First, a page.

On 8 January in the village of Lasitsk, 45 kms (28 miles) from Pinsk, the authorities also attended the congregation's Sunday service. Officials issued Pastor Anton Yatskevich with an official warning. "There are a lot of people with different problems who need help, and as Lasitsk village is too far from Pinsk we come ourselves," Pastor Yatskevich told Forum 18 on 19 February. He pointed out that the Lasitsk congregation has fewer than twenty members, not enough to register a community. Yatskevich declined to blame the authorities for checking on the church's services, though. "They get complaints from Orthodox believers and have to respond."
Forum 18 called the village council, but the phone went unanswered on 20 and 21 February.
Also on 8 January, Pentecostal Pastor Viktor Kokhovets was given an official warning for leading Sunday worship in the village of Kovnyatin in Pinsk Region, the Bishop's Assistant in the Brest and Pinsk regions Fyodor Suvorov told Forum 18 on 17 February.
Forum 18 repeatedly called the head of the village council Konstantin Shlyazhko on 24 and 27 February to find out why Pastor Khokhovets had been warned for leading religious worship, but the telephone went unanswered.
Police officers told Pastor Raptsevich that he would face a court. It remains unclear if Yatskevich faces a court hearing. The Bishop's assistant told Forum 18 that Kokhovets simply received a warning and no court procedures are expected "unless there are further violations".
Administrative Code Article "somehow expanded to religious meetings too"
Although amendments to the Code of Administrative Offences which came into force in February 2010 removed penalties specifically for unregistered religious activity, fines have continued. Administrative Code Article 23.34 - since November 2011 entitled "Violation of the procedure for organising or conducting mass events" - has frequently been used to punish individuals for unapproved religious meetings (see F18News 9 April 2010 http://www.forum18.org/Archive.php?article_id=1430).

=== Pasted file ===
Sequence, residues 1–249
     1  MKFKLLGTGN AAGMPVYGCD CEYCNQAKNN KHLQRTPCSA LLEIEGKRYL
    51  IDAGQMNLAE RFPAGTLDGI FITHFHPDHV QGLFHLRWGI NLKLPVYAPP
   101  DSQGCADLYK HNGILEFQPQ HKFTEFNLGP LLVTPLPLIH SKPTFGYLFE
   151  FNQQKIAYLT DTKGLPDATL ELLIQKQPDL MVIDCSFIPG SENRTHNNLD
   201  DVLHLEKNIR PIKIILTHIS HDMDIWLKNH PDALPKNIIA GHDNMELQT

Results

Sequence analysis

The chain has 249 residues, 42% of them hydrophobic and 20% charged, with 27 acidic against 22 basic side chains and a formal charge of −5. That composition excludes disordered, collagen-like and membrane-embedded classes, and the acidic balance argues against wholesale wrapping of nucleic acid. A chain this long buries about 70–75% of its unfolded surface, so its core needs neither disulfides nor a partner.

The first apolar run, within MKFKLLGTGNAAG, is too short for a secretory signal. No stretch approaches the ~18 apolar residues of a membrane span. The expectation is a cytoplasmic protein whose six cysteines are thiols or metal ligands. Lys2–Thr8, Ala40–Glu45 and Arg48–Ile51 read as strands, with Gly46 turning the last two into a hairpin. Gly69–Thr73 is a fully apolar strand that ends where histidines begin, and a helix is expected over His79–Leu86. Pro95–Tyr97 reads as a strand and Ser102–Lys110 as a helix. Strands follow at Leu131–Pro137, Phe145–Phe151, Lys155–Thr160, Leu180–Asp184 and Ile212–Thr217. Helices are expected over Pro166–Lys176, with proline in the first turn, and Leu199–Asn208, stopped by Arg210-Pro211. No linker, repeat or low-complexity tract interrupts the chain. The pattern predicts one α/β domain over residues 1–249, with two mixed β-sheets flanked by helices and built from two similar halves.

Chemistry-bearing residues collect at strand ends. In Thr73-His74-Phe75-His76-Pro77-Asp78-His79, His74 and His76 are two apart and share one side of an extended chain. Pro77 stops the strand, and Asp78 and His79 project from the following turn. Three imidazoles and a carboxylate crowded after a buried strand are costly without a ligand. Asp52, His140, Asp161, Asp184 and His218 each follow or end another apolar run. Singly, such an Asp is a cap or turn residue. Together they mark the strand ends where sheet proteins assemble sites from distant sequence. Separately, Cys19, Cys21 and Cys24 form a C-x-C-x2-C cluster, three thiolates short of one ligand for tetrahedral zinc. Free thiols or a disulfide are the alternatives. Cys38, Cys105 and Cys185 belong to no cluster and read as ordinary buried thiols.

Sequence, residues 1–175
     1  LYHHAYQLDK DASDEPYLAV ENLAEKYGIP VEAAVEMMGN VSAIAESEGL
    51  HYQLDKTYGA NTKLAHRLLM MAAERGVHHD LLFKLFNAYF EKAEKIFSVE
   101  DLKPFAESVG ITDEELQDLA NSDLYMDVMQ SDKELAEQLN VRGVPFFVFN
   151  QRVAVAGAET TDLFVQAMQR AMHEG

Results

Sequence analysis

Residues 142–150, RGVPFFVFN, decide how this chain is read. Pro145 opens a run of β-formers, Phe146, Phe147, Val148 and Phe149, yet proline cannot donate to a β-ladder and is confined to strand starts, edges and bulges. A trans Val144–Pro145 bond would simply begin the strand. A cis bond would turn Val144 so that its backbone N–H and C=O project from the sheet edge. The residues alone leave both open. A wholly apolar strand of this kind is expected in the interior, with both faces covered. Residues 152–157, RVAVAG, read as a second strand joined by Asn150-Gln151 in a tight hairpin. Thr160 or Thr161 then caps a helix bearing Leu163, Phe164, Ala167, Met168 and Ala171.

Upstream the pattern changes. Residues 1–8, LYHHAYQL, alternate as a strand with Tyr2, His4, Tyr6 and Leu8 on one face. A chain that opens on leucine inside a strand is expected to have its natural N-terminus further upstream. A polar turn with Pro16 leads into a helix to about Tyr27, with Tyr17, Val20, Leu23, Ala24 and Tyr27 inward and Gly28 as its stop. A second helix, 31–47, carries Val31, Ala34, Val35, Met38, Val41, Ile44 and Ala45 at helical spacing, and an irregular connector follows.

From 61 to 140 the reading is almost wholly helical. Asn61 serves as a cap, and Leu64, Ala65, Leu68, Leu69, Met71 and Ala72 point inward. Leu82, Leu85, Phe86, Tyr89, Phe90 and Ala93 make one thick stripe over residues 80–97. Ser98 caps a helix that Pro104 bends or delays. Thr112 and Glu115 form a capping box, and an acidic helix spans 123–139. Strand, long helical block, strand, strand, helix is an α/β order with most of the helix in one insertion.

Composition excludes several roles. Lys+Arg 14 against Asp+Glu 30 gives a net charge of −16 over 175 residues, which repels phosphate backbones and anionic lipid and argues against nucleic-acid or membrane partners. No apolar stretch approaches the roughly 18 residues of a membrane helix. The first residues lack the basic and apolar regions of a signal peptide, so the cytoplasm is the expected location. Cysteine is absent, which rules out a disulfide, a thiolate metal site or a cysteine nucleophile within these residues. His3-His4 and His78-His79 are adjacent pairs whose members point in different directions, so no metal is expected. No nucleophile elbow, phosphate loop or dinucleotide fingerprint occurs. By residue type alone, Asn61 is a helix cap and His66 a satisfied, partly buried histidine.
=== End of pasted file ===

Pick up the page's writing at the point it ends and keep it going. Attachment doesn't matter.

Article 23.34 punishes organising or participating in such a mass event or demonstration which does not have permission from the local authorities. The lawyer of the Pentecostal church commented to Forum 18 from Minsk on 21 February that this article originally was targeted at political events but "somehow expanded to religious meetings too".
Unregistered religious activity is still punishable under Article 193-1 of the Criminal Code ("Illegal organisation of, or participation in the activities of, an unregistered political party, foundation, civil or religious organisation"), with punishments ranging from a fine to imprisonment of up to two years. Forum 18 is not aware of any cases when Article 193-1 has been used to punish unregistered religious activity, though its use has been threatened against religious leaders (see F18News 19 May 2011 http://www.forum18.org/Archive.php?article_id=1572).
Campaigners for Article 193-1 to be abolished – and for the ban on unregistered religious, political and social activity to be lifted - have stepped up their campaign. The religious freedom group, the Right to Belief, and the Assembly of Non-governmental Democratic Organisations wrote in mid-January to about ten state agencies, including both chambers of Parliament, the Presidential Administration and the Justice Ministry.
Aleksei Shein – an activist of the Christian Democratic Party and the Right to Belief's co-ordinator – also launched an internet petition http://www.change.org/petitions/belarusian-authorities. As of 27 February, the petition had 639 signatures.
Shein complained that at least 18 people had been prosecuted under Article 193-1 since 2006. "The recent tendency is that warnings about the unacceptability of activity [by organisations] without state registration are being used against representatives of religious communities," he wrote in his explanation as to why he had launched the petition.
He warned that "hundreds of Christian communities, ministries and rehabilitation centres do not have registration for various reasons" and risk prosecution under Article 193-1.
Shein told Forum 18 from Minsk on 27 February that about ten agencies had responded, but all but two replies had been only "formal responses which failed to tackle the substance of our complaints".